Planning for Autonomous Vehicles: Contexts, Challenges, Opportunities
About this Event
This course is designed for City officials, Transportation, Urban, and Transit planners or managers. Take away valuable insights and actions to future proof now and gain value today from the new mobility landscape.
This presentation is organized into 16 subjects over two days. Each module is designed for a 30-min lecture and a 15-min discussion with an intermixed 1.5 hours of breaks (break, lunch, break). This is adapted from the course designed for the University of Toronto School of Continuing Education. A light breakfast and lunch will be provided each day. The course timing is Thursday, 8am to 5pm and Friday 8am to 2pm.
1. Market competition: Buying cars vs. buying rides
2. Multiple current transitions: complexity, interactions, wickedness
3. Conflicting narratives: confusing, polarizing, delaying, diluting
4. Contexts of change: built environments, digital, disruption, intensification, jobs, monetization, social, technology, transit
5. Digitalization and New Mobility: Can we prepare even if we cannot predict its changing form?
1. Diffusion models: including a practical model on which plans can follow
2. Barriers to acceptance: automation, car sharing, and ride sharing, including personal, social, regulatory, and infrastructural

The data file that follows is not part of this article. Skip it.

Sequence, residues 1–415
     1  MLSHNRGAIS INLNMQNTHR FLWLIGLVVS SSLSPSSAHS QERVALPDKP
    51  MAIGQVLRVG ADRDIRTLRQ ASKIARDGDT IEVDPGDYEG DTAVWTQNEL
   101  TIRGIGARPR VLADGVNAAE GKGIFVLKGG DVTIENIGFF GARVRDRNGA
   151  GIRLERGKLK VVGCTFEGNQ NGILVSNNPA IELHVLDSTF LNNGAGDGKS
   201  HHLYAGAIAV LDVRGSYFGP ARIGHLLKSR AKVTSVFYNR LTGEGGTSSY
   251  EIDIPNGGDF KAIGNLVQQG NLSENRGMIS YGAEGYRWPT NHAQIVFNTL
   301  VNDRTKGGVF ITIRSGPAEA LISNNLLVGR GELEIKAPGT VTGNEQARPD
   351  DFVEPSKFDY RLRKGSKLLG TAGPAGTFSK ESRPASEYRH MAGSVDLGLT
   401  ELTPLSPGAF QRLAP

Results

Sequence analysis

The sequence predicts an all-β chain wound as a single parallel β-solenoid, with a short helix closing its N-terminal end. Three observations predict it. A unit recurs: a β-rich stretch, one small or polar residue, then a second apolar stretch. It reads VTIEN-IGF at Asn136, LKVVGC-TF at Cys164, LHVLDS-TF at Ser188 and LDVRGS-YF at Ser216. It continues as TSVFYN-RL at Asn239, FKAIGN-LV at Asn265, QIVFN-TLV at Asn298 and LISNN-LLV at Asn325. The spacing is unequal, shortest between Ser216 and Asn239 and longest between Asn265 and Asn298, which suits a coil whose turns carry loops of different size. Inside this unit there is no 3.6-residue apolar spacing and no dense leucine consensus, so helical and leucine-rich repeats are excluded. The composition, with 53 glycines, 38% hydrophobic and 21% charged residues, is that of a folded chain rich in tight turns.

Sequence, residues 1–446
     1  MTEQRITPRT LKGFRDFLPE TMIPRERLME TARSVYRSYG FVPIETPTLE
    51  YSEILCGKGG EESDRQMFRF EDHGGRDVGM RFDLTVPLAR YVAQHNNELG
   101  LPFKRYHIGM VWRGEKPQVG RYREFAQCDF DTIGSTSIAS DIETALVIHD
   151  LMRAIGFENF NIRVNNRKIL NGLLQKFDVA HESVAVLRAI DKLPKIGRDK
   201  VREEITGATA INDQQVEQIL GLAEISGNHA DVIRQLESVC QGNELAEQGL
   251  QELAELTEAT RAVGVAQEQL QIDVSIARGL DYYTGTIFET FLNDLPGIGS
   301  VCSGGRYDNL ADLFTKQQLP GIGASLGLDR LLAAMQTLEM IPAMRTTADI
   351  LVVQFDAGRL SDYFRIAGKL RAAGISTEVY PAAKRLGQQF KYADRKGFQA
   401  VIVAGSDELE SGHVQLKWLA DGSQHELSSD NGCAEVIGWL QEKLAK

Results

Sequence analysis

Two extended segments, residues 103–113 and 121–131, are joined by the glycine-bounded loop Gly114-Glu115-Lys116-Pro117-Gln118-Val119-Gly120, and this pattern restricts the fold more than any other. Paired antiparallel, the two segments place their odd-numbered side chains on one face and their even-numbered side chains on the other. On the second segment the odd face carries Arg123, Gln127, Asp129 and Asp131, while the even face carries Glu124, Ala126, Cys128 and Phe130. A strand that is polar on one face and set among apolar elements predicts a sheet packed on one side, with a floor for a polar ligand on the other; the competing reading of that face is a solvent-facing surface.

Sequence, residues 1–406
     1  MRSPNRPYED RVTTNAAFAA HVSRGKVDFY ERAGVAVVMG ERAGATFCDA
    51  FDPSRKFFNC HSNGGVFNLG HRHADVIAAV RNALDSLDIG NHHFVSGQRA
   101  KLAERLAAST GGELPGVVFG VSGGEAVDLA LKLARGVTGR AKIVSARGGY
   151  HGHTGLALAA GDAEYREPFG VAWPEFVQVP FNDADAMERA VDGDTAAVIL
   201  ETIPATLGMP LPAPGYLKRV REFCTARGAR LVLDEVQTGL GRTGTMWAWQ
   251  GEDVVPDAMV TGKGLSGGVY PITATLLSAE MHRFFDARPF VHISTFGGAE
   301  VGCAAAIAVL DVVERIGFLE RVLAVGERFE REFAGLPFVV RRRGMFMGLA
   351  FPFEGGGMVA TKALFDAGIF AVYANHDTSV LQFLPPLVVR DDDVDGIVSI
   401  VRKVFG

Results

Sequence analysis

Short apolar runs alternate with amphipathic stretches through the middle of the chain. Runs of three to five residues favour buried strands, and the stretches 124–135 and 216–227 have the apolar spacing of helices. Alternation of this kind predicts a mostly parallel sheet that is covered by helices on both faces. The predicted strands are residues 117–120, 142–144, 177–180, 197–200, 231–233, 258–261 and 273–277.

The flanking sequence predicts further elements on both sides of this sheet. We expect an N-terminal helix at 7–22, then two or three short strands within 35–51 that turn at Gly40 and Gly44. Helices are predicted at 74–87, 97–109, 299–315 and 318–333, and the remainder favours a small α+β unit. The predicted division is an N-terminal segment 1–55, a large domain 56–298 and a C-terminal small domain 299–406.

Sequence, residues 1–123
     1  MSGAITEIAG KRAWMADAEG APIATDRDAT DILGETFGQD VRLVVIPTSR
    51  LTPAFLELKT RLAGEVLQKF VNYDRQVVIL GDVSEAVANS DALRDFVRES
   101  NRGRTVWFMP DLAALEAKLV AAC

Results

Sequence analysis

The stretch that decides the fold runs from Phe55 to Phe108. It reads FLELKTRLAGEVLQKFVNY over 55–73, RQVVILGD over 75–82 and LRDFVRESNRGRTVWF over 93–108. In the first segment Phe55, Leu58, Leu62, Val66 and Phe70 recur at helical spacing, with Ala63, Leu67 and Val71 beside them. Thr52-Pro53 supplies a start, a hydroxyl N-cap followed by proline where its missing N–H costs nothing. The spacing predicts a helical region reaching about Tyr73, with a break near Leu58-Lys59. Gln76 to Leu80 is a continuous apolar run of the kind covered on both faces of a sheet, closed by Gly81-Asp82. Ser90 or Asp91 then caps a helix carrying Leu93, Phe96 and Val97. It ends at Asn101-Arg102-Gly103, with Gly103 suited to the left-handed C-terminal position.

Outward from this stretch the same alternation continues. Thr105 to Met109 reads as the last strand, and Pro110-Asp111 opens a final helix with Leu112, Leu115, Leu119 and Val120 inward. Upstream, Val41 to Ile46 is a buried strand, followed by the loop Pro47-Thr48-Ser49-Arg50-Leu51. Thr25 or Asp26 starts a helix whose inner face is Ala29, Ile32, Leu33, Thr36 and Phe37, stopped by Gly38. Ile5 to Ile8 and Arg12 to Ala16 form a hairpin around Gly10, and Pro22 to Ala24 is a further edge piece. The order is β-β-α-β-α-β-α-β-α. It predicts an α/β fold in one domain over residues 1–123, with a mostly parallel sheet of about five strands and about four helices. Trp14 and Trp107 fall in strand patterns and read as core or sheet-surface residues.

3. Mobility Justice: achieving social, employment, and environmental justice
4. Infrastructure Risks: six infrastructure development risks for autonomous vehicle deployment
5. The 50 Percent City: what is needed for 50% of motorized PKT to be in shared, driverless vehicles
1. Land Use: intensify or sprawl? Can TOD change? How will parking attrition roll out? What will parking garages be repurposed for?
2. Autonomous Transit Fleets: Should governments own-and-operate AV fleets? Can they attract ridership from private vehicles?
3. Software-Defined Transit: proven digital methods to integrate MaaS and public transit allow a specify-and-operate model
4. Behavioral Economics. Ways to have automation and sharing become more acceptable, even pervasive
5. What About Rapid Transit? If the municipal bus is threatened, can we future-proof our urban train systems?
6. One City’s Way Forward: Toronto has begun planning for Autonomous Vehicles. What can we learn from this?
Bern Grush is Chief Innovation Officer at Harmonize Mobility and Automated Fleet Strategist with Grush Niles Strategic. An inventor and entrepreneur, Bern co-authored “The End of Driving: Transportation Systems and Public Policy Planning for Autonomous Vehicles” (Elsevier, 2018). He was named Toronto Star Wheels’ Newsmaker of the Year for his research on vehicle automation. A Maclean’s magazine editorial called his work “fascinating and carefully argued”. In 2016, Gridlock Sam Schwartz, past NYC traffic commissioner, described Bern as the top, current independent thinker on autonomous vehicle deployment. Bern’s latest innovation — software-defined transit — manages the social, spatial, and environmental policy performance of massive, competing fleets of TNCs and robotaxis. Bern earned the MaSc in Systems Design Engineering from the University of Waterloo.